In Marital Finances, Everyone Counts

"We don't count her income." This is something I've heard more times than I'd like to admit. Unfortunately, this kind of thinking still exists when couples are managing their finances. And I always wonder, why wouldn't you count her income? If the money comes into your household and is used for family purposes, of course you count it. It doesn't matter where the money comes from.

To help rid the financial world of this outlook, I’d like to look at how to plan your finances so everyone's income does count, plus other ways you can increase communication and work together within your relationship.

Easy Ways to Mutually Tackle Your Finances

  1. Know you are equals. This one goes for the ones who say things like "we don't count her income," but also for those who think they don't have enough to contribute (I'm talking to you, stay-at-home parents). No matter the income or the amount contributed, you are both in this relationship and are equals. You each contribute more in one area than the other and together make the relationship work beautifully.
  2. Decide on your accounts together. When you join in a partnership, you can choose to keep your accounts separate, have one joint account, or each keep a personal account while keeping a joint account for the family expenses. While there's no real right or wrong way to set up your accounts, it should be something you completely agree on. (For related reading, see: Should You Open a Joint Bank Account?)
  3. Agree to work together. Once you have the mindset that you both contribute equally, agree to work with each other, not against each other. When issues come up, meet somewhere in the middle and compromise. Also, talk about your long-term goals and make big decisions together.
  4. Write it down. While there's nothing fun or exciting about contracts or legal forms, having everything in writing before anything can go downhill protects everyone involved. Prenuptial agreements are often thought of as a negative thing, but they don’t have to be. Especially if it's a second marriage and there are children involved, they can be beneficial, even necessary.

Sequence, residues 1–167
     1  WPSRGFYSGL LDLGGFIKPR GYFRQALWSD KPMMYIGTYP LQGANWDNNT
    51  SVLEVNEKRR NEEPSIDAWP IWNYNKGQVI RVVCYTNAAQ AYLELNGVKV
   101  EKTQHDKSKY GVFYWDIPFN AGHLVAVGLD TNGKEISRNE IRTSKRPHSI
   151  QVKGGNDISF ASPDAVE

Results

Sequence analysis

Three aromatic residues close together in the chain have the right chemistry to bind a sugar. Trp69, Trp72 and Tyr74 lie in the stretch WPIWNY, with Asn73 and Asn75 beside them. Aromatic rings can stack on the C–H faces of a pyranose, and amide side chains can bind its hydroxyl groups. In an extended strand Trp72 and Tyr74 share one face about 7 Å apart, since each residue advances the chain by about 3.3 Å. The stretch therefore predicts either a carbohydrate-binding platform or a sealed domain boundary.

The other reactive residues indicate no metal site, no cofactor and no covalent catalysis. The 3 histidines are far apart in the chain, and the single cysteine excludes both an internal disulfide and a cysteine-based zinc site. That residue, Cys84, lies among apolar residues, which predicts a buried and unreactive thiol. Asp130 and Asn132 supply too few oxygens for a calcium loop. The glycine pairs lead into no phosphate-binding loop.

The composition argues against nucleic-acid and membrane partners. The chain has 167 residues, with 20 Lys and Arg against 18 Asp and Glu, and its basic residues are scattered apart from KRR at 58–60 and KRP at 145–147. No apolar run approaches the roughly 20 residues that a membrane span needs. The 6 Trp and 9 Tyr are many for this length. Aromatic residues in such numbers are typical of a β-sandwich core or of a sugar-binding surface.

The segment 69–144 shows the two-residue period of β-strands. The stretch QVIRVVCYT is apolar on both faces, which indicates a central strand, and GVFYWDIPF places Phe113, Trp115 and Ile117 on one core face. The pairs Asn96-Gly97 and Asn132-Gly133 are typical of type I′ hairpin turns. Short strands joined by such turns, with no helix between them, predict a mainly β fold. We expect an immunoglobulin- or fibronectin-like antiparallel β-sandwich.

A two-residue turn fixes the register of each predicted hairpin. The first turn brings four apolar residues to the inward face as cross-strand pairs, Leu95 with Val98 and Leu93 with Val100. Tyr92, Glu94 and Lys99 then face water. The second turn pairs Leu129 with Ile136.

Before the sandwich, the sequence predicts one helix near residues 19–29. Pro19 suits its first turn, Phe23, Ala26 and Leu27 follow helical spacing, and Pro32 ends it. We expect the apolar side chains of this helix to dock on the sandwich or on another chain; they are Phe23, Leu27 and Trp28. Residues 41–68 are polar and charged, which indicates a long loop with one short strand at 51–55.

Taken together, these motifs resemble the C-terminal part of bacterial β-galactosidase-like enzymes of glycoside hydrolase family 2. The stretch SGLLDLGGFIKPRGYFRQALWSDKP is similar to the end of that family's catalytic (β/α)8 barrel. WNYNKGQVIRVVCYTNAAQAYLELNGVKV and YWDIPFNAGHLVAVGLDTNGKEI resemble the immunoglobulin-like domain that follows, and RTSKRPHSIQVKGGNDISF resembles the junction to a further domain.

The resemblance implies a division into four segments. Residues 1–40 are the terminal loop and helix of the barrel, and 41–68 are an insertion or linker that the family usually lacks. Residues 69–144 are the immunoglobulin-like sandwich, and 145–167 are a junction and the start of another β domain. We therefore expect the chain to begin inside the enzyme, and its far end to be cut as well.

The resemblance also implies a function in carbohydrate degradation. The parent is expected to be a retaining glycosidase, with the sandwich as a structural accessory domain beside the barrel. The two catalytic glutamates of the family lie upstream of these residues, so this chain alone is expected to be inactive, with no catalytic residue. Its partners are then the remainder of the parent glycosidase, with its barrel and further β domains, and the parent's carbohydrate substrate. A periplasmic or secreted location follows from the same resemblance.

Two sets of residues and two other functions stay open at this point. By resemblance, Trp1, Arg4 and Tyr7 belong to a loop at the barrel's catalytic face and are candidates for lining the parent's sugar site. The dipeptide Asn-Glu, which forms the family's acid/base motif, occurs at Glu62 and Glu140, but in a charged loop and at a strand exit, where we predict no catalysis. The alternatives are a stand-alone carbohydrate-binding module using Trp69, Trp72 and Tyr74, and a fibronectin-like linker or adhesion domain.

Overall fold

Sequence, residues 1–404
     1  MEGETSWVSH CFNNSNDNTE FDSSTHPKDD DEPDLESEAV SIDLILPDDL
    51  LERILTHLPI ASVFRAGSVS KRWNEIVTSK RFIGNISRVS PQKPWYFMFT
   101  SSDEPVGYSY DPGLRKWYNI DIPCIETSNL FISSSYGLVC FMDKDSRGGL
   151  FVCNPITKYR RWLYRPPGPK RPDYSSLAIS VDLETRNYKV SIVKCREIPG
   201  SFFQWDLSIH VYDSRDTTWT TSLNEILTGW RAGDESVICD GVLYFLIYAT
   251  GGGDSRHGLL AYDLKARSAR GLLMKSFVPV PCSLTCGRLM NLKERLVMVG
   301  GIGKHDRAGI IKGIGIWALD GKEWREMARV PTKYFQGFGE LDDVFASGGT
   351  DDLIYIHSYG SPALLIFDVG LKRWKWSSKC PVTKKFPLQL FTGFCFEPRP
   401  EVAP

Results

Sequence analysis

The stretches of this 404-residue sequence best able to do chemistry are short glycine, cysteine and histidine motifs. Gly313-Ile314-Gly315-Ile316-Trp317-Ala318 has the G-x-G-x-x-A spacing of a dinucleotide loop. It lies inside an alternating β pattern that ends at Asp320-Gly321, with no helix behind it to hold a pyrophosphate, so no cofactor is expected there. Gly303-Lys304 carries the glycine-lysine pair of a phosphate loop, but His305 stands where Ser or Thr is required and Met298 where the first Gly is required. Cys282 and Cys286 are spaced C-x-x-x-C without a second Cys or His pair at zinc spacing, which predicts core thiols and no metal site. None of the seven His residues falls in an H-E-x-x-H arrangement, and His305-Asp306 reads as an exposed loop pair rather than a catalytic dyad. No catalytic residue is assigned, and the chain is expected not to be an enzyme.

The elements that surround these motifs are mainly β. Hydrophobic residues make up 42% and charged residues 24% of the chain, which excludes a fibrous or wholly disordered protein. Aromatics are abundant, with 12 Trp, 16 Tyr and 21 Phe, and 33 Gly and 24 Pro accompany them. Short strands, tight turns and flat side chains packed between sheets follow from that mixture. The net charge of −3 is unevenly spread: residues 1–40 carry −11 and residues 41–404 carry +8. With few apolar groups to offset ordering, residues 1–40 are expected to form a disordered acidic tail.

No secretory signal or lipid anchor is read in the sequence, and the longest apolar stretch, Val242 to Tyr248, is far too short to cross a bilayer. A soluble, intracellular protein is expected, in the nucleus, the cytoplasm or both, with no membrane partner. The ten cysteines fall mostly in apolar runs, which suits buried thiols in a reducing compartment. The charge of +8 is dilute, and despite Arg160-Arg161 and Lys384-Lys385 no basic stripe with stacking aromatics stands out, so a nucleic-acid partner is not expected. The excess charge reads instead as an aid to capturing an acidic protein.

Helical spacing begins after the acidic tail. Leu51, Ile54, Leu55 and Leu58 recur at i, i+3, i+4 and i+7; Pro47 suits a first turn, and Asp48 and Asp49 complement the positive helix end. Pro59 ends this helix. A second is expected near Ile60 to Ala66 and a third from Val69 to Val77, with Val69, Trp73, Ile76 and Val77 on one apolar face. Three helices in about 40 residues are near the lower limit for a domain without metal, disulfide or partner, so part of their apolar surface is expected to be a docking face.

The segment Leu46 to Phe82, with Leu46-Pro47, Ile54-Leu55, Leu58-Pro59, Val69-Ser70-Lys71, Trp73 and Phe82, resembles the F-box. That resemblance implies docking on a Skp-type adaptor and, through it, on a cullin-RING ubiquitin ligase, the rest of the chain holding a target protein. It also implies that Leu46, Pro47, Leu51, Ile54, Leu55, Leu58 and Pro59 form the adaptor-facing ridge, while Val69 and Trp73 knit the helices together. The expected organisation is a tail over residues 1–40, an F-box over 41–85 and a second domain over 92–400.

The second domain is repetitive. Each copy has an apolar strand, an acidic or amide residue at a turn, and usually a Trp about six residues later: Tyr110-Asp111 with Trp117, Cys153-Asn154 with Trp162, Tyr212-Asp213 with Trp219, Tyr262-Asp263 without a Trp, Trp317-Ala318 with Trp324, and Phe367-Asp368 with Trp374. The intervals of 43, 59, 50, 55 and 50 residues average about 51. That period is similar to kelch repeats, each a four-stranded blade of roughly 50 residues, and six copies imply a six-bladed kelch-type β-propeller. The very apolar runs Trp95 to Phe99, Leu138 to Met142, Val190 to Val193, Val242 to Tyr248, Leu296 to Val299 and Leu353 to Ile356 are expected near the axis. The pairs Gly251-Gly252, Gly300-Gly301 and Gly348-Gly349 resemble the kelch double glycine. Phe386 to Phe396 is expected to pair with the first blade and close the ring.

Other Ways to Increase Communication in a Relationship

Keeping a joint account and talking about your finances is just one way to communicate and stay open. In addition to talking about money, you could also:

Talk face to face. Talking about personal or important issues is not the time to text or email. Sit down together for the most important conversations.

Share usernames and passwords. This is especially important when it comes to things like email or personal financial accounts that your partner may have to access in case of an emergency. (For related reading, see: Financial Information Your Spouse Should Know.)

Create a will together. Get your legal documents drafted and go over them together. Also, get paperwork organized and make sure your partner knows exactly where to find the things he or she will need.

Exchange bucket lists. Not legally binding, but totally fun. Sharing your bucket list is a great way to increase openness and really get to know each other.

Find a financial planner you both like. A financial planner is much like a lawyer, you both have to trust the person. Find someone you both like and trust.

As a financial planner, I often hear the breadwinner of the family say things like “we don’t count her income.” And this attitude just needs to go because you both contribute in many ways. Instead, find ways to communicate and work together on your finances and in other areas.

(For related reading, see: The Economics of a Successful Marriage.)